Joanna gasp, suddenly remembering something. “Libby, wait till you see what we got you!”

Libby’s eyelids flickered. She looked terribly tired but whispered hoarsely, “Why did you do that? You know I don’t need anything. You’ll just have to get it back in a few days.”

I turned away quickly and dug in my purse for something, anything, and tried not to hear the awful silence behind me. When I had my eyes under control, I went to the Christmas box and pulled out one of the small, shiny ornaments to hang, forcing a smile for the kids.

Libby sighed such a quiet little sigh that I barely heard it. “Sorry…you can get me something if you want.”

I’ve agonized in the stores already, searching for something for her. Her and I both know she can’t keep it, but still… it’s the last chance I will ever have to buy my baby a present. When people talk about having a difficult time finding a present, they don’t know. They really don’t know.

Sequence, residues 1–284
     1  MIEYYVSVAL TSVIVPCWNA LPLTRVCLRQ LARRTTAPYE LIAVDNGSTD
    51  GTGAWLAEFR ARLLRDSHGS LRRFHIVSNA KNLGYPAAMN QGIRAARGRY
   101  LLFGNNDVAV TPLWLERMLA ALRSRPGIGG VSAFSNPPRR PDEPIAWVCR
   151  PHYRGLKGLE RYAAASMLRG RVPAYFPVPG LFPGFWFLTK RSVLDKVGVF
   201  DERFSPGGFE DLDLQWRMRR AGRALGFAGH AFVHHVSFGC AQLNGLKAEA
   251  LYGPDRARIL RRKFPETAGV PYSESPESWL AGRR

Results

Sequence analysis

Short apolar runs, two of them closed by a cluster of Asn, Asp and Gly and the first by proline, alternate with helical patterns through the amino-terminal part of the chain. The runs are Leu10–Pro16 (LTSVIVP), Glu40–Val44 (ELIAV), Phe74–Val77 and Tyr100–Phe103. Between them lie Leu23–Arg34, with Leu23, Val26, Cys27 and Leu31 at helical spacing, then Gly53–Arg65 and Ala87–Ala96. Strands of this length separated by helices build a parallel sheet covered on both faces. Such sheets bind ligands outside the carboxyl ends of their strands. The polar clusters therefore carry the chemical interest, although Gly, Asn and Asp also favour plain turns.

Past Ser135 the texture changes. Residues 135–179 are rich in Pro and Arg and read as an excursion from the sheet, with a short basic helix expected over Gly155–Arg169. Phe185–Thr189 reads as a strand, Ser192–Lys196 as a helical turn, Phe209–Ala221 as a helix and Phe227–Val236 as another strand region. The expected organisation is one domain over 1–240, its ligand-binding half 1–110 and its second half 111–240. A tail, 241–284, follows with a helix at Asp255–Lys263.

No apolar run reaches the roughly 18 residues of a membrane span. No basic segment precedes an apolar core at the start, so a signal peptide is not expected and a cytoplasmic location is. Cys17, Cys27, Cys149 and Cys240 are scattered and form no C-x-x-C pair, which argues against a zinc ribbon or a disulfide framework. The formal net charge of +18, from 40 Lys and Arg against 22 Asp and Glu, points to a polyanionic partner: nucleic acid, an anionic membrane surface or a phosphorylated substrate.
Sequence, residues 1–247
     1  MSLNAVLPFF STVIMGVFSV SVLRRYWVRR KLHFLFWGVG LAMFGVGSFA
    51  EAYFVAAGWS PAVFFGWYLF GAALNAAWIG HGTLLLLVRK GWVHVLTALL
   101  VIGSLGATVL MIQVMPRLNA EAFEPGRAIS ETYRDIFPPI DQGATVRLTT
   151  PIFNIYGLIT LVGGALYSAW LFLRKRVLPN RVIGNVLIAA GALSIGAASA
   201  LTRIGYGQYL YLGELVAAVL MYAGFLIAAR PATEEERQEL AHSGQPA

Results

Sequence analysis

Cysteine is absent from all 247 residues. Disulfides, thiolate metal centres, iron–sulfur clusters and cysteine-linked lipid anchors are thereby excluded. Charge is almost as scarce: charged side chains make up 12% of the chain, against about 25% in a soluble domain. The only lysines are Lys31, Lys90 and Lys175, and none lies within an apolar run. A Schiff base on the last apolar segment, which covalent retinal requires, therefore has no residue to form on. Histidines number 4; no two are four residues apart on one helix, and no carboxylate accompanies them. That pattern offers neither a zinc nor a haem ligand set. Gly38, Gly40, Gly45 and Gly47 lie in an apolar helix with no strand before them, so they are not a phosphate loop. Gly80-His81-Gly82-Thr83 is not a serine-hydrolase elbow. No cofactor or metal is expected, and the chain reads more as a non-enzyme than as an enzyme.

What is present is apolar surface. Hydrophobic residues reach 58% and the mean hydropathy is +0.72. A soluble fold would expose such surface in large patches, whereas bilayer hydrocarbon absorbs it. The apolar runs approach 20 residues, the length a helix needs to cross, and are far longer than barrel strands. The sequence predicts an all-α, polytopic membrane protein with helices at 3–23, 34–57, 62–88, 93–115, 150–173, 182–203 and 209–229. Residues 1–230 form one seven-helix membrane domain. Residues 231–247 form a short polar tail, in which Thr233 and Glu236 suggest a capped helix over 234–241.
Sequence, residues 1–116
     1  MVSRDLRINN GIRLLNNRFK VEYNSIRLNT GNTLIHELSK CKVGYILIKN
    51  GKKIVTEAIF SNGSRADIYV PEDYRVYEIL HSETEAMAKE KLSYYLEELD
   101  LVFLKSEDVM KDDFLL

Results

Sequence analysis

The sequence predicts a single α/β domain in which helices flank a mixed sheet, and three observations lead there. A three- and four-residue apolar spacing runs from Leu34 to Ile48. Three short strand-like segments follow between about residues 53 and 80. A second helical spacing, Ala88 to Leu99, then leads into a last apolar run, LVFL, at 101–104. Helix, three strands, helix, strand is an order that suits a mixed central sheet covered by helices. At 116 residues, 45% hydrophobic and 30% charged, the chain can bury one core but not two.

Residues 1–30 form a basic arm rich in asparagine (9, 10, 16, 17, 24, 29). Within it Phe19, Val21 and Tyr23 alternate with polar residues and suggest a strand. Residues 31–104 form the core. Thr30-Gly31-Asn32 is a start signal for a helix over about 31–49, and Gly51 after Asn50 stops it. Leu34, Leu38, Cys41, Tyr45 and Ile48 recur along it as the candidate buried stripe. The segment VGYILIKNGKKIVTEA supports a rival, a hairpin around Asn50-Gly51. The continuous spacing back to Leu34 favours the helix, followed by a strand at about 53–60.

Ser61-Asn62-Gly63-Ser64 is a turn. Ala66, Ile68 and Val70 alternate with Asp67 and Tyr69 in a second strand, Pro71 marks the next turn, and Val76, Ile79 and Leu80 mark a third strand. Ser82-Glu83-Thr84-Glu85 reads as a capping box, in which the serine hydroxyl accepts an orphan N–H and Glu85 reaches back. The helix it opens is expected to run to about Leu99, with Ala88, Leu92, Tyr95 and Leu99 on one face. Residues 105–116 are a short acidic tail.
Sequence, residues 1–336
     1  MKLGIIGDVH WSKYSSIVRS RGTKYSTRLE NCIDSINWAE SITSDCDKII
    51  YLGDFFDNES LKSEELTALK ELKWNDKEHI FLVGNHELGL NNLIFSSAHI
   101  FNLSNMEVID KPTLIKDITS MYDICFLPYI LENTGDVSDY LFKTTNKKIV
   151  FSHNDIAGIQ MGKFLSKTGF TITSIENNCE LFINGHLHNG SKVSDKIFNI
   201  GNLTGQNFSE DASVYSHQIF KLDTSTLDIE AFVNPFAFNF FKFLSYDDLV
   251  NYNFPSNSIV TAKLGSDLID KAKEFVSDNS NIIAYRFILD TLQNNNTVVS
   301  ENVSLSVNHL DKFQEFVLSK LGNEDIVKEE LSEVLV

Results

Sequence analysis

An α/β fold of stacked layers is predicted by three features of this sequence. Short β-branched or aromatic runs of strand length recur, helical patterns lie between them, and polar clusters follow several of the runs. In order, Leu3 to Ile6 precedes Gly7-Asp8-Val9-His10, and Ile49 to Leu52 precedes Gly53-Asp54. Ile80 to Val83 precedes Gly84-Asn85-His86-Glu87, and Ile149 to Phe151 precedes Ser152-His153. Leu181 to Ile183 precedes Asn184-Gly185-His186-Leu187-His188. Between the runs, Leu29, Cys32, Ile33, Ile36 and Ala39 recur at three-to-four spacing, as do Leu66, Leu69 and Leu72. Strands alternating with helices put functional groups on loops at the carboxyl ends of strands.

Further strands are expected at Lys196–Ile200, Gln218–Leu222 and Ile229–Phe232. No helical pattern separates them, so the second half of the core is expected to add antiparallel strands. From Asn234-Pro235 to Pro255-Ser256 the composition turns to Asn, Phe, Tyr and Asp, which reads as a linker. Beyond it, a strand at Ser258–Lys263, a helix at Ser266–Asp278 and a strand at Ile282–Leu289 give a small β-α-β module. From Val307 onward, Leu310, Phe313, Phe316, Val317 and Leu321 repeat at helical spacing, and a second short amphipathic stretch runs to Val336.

I glanced down at her and followed Libby’s gaze into the tree. I found myself wishing we could all go there, and be together as hanging figurines, forever. I took her hand, overwhelmed once again by the helplessness.

The door popped open with a harsh click and swoosh, followed by an animated Dr. Lane. Three nurses rushed in with him. I felt my own heart try to stop. Not now. I wasn’t ready. By habit, I looked at her monitors but they didn’t look any different.

“We have a heart! We have a heart!”

They grabbed wires faster than I could think, moving quickly, doing things I didn’t understand. I only saw Libby’s bewildered look.

“Don’t be afraid,” I said because she looks scared. Her grip on my hand tightens.

“We have to get her in right now.” Dr. Lane grabbed my other hand. “Merry Christmas.”

I looked at my daughter but couldn’t see through my tears. Someone out there . . . who isn’t there anymore . . . gave us this gift. I hope they felt ready, unlike my Libby, and I hope they went home for Christmas.

The doctor and nurses began rolling Libby out of the room. She looked exhausted still, but managed a smile, and told Joanna, “Wait for me to open presents, okay?”


Free Christmas story, Christmas author, Christmas tree, the meaning of Christmas, family, holidays, heart transplant, saving your child